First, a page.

You Have to Build Relationships  

This is our #1 goal this year. There are seven of us and twelve buildings, so this is definitely a challenge. We all have buildings where we are the “key people,” but we also all go where we are needed and where we have experience to meet the needs of the staff.

Not only do we work with teachers to help them effectively integrate technology into their teaching, but we are also responsible for delivering Information Literacy curriculum to all students K-5. This means we are getting to know people, and they are figuring out who we are, what we do, and how this is going to work. It is critical that the staff see me as helpful, reliable, flexible, and useful.

That’s a tall order! We all know that working with technology comes with lots of hiccups along the way, so having a good relationship is key when the inevitable happens and the technology doesn’t work.

Learn, Learn, and Learn–and Let It Be Known

I knew going into this job that there was a lot I didn’t know. Yet, until I was in it, I didn’t have any inkling just how much I didn’t know!

So I’m learning. Every. Single. Day.

I love it, which is the good news. I’m super excited about so many things, and I know that the teachers I am working with can see my excitement. I am very up front about not knowing everything, and most people are good with that. They are learning that if I don’t know something, I will find out, or I will bring in someone who does. I’m participating in lots of professional development opportunities (yes, some on my own time) because it’s what I need to do, and I’m loving what I do. (That loving-what-I-do thing is really important to me, and it’s what I tell my students: love what you do and it will never feel like work.)

Give Yourself a Break

For me, this is both figurative and literal. It is very hard to be on a tech team with people who have better tech skills than you; teachers as a rule tend to never want to admit that they don’t know something in the professional realm. I’ve had to embrace this reality and stop beating myself up about it. Instead, I am using it as motivation to learn. There is something very freeing about saying, “I have no idea, but I know who does, and I’ll find out.”

The literal part of taking a break is pulling myself away from the computer at night, when I need to be spending time with my family. Of course, this is the life of a teacher–always doing school work at night, after working eight, nine, even ten hours at school during the day. Go figure.

I know that this year will continue to be a year of amazing learning, foibles and falls, and lots of triumphs. It is a new, crazy journey, and I am so happy to be on it.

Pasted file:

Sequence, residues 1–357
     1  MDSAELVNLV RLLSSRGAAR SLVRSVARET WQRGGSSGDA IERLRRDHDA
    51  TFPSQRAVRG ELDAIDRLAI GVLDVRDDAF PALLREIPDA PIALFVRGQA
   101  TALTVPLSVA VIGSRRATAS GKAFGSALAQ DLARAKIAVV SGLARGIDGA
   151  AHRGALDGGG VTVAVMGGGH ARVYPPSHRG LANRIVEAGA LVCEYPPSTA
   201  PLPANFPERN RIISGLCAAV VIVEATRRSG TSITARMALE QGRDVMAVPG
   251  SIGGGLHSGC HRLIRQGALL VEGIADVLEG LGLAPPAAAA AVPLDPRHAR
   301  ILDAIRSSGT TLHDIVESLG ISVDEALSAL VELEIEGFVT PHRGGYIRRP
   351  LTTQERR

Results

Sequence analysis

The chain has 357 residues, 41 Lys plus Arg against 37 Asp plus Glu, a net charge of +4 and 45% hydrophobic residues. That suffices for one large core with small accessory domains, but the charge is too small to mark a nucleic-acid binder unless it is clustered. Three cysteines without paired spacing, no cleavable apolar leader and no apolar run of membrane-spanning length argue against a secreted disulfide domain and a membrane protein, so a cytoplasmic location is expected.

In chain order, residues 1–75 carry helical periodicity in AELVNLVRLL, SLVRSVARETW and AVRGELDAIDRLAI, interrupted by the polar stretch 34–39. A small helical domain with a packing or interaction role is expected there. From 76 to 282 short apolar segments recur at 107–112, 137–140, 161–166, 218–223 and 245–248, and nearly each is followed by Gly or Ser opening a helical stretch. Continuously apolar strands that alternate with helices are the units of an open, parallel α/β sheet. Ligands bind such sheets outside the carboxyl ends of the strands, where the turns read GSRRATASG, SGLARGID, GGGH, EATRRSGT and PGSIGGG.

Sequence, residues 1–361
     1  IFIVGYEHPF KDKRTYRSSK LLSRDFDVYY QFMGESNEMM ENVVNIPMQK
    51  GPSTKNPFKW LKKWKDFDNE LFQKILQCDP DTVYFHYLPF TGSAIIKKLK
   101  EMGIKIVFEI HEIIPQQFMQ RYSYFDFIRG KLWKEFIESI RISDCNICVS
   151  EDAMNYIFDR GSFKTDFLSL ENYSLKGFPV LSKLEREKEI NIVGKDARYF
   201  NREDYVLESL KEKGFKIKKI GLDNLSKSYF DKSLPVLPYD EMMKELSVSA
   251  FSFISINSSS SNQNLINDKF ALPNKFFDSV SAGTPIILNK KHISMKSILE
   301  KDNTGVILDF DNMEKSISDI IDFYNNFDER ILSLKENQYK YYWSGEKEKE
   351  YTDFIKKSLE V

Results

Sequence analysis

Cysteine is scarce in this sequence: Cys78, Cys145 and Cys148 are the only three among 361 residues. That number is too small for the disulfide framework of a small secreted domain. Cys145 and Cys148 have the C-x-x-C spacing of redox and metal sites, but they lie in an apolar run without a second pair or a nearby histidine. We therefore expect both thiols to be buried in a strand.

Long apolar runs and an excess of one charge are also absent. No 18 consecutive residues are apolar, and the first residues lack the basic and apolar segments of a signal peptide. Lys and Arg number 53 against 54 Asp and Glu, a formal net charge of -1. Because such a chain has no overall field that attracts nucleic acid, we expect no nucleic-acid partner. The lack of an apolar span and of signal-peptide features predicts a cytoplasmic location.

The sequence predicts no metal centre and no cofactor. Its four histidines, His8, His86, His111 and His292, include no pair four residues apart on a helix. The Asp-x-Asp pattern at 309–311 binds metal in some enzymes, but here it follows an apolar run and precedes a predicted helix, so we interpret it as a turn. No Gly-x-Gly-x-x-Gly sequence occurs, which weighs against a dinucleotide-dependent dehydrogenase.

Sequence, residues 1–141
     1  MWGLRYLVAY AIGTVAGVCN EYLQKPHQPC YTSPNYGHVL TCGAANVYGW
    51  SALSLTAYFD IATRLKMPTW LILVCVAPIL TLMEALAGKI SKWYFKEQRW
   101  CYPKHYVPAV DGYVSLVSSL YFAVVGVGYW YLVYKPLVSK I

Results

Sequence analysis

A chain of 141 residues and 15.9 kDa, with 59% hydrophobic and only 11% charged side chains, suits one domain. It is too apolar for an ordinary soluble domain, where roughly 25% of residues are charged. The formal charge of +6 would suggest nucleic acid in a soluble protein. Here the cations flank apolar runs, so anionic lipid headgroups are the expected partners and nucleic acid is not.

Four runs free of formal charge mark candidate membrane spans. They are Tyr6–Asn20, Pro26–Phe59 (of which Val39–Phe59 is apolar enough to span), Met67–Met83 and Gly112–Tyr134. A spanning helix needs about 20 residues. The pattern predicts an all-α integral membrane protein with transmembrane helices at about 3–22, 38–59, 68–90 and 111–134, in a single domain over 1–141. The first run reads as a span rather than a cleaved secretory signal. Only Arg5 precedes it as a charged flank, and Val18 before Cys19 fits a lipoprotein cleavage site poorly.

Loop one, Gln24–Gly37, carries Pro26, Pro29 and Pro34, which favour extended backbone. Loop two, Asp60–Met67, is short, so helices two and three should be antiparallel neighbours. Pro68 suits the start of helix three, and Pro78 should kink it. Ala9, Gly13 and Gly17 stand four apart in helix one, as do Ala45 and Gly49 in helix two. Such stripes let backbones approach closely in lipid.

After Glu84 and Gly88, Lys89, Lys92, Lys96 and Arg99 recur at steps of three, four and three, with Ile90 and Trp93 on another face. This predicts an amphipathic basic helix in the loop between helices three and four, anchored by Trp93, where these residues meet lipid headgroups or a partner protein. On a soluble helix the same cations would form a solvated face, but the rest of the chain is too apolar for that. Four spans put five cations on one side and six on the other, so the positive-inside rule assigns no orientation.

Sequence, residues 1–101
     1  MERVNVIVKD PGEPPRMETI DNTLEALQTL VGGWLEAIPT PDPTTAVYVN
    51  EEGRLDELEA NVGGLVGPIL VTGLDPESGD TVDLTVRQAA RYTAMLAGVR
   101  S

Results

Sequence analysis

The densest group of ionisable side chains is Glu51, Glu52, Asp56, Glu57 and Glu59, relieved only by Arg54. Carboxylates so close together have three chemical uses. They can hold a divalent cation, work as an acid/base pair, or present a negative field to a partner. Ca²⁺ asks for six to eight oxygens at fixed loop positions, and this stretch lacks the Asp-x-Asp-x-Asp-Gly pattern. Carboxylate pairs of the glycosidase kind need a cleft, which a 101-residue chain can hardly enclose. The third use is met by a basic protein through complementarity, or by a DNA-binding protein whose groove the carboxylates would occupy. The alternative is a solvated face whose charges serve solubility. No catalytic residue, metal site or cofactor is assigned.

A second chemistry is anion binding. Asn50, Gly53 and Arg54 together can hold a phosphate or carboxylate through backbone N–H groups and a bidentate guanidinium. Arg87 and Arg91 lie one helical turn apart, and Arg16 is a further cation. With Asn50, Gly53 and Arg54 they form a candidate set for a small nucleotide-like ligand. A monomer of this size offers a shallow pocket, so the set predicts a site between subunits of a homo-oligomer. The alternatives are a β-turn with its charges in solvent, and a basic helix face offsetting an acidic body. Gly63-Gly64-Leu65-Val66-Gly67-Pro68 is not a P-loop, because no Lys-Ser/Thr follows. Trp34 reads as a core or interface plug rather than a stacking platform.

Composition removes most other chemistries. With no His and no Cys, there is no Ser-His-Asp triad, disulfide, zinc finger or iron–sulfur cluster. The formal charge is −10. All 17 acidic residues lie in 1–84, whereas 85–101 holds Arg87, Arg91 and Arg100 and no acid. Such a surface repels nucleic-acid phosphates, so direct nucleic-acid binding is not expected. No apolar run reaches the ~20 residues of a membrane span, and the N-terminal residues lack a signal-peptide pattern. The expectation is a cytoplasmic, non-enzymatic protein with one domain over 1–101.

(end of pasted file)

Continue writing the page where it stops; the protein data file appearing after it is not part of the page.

beth Beth Rogers (@bethann1468) has taught in the elementary setting for the past 11 years. During this time, she earned her Master’s in Educational Technology from Michigan State University. This year, she is in a new position: Instructional Technologist K-12. This gives her the unique opportunity to work with teachers and students, district wide, to incorporate technology into their teaching and learning, in ways that engage, enhance, and extend the learning. She has already already begun to work with multiple classrooms to engage students in blogging, and to help teachers understand the power of this platform. At home, she lives with her husband, sons, and an anxiety-ridden German Shepherd who requires inordinate amounts of time and attention.

Why Interdisciplinary Units Are So Powerful

Notes from the Classroom

Examples of students’ character cutouts

I have a love/hate relationship with this time of year.

We’re in full swing with the end-of-year craziness. Yet this also is the time when I teach the American Revolution in social studies. I’m able to combine the content with our historical fiction unit in reading, and our opinion unit in writing. This is a wonderful opportunity to combine content areas and provide a truly immersive experience for my students.

It is so nice to have a seamless day of reading both fiction and nonfiction texts around this topic, and having conversations that span reading, writing, and social studies. I find that I am excited about teaching, and students are excited about learning. It’s no small feat at this time of year!

What The Unit Looks Like

Right now in the hallway are cutouts of characters from our read aloud and our book club books. Within the cutouts are character traits and reflections about critical choices, power, and how these characters were shaped by the times in which they lived. Connecting all of the characters is a red string, and tomorrow students are going to spend time reading the cutouts and making connections. Then we will write them on paper that will hang from the string, making our thinking visible. This is a new project but one whose outcome I am super excited to see.

Another project that I always do during this time of year is a thinking routine from Ron Ritchhart called a “step inside.” This writing project combines the best parts of narrative writing, yet allows students to use their imagination to step inside the life of a slave from the 1500s. As students examine the three phases of slavery as outlined in our text, they attempt to step inside and develop empathy for the experience of these people. This is a lengthy writing assignment and yet one that is incredibly powerful. I have had students tell me it is their favorite writing assignment of the year.